Monday, October 5, 2009

Praying Mantis

Nuala and MantisMantis in Cuxa Garden

Above, left: Volunteer gardener Nuala Outes befriending a mantis in Bonnefont Garden last summer; right: one of three adult mantises seen recently on the asters now blooming in Cuxa garden.

The European praying mantis is so named because of the manner in which it raises and extends its grasping forelegs before seizing its prey, suggesting an attitude of prayer. This omnivorous species was not among the beneficial insects released in the gardens this summer as part of our biological pest control program, although several mantises already inhabited Trie and Bonnefont gardens. However, the mantis population does seem to be on the rise, and no less than three of the insect predators were recently spied in Cuxa garden on a windy day, clinging to a single planting of ‘Hella Lacy,’ a cultivated form of the native New York aster now blooming along the roadsides.

The sexual cannibalism for which the mantis is notorious seems to be more common in captivity; it is less frequently and readily observed by entomologists in the field and is the subject of scholarly debate. Autumn is the mating season for praying mantises in our climate, although we haven’t observed any unions. The compound eyes and binocular vision over a wide field—characteristic of mantises—make them at least as aware of us as we are of them, and they clearly register their consciousness of our presence when we encounter them in the gardens.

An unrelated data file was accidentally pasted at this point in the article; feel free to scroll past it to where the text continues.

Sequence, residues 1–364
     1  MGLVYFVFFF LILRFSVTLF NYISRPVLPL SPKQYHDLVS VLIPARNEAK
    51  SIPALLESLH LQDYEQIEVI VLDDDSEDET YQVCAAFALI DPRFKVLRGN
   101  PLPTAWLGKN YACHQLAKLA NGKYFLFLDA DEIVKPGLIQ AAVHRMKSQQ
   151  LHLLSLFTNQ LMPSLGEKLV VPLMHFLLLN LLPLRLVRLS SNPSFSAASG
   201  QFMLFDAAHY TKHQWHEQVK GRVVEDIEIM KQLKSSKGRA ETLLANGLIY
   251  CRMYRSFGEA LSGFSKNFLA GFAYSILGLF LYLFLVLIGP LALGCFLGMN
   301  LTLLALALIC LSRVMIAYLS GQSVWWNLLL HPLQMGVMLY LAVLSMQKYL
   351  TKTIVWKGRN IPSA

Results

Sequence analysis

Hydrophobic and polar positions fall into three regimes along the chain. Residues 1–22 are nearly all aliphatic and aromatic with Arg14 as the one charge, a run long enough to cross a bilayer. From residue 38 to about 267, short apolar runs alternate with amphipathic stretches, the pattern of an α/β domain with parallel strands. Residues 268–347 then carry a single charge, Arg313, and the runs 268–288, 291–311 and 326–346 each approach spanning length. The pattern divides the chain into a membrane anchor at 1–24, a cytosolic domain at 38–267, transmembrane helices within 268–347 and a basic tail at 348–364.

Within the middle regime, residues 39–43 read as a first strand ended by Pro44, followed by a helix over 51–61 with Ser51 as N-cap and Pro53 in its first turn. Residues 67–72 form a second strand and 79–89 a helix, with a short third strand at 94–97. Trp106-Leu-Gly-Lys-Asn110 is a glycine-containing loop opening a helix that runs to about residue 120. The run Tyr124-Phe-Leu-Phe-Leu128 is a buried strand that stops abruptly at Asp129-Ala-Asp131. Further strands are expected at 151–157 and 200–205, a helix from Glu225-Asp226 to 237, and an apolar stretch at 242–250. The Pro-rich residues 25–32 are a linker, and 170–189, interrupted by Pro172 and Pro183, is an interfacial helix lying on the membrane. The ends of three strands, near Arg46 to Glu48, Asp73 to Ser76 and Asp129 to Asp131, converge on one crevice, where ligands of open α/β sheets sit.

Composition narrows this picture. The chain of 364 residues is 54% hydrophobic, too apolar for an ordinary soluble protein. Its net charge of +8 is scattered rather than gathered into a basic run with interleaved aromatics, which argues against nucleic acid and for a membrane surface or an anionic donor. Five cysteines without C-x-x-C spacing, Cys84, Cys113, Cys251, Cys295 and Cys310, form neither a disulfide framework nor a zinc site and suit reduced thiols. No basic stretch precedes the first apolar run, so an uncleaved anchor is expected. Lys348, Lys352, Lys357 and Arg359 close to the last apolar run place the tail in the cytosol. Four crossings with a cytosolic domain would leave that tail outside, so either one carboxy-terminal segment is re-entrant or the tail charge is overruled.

—Deirdre Larkin

Tags: , , , , , , ,

Comments (5)

  1. thea mcginnis Says:

    i found one lazing around on one of my climbing roses. It obviously thought I couldn’t see it..until I said hello! its posture then developed a rather wary, tentative pose. I reassured it not to worry and to have a nice day and moved along in my garden.

  2. Nancy Heraud Says:

    I actually had an egg case that hatched several years ago and I got to see the baby mantises coming out! I see a praying mantis in our garden from time to time and hope they are the ones that came out of that egg case that warm, sunny day! Gardens are wonderful laboratories! I’m always learning every day! Thank you for reminding me!

  3. Tony King Says:

    Being involved in pest control we had a call recently regarding crickets which are from the same family as the praying mantis, it wasnt something that we would deal with and to be honest I do not class them as pests. I also did Praying Mantis Kung Fu which would explain what thea mcginnis says about the posture of the Praying Mantis, they are indeed remarkable creatures.

  4. pest Says:

    biolgical pest control is an area we have been looking into now if only we could find something to eat bed bugs :)

  5. Conn Hanson Says:

    I have read that the cannibalism is believed to be due to researchers’ inability to keep the voracious female properly fed in captivity. So, the cannibalism is mainly situational. I’m not an entomologist, however, so I could easily be wrong.

Post a Comment

We welcome your participation! Please note that while lively discussion and strong opinions are encouraged, the Museum reserves the right to delete comments that it deems inappropriate for any reason. Comments are moderated and publication times may vary.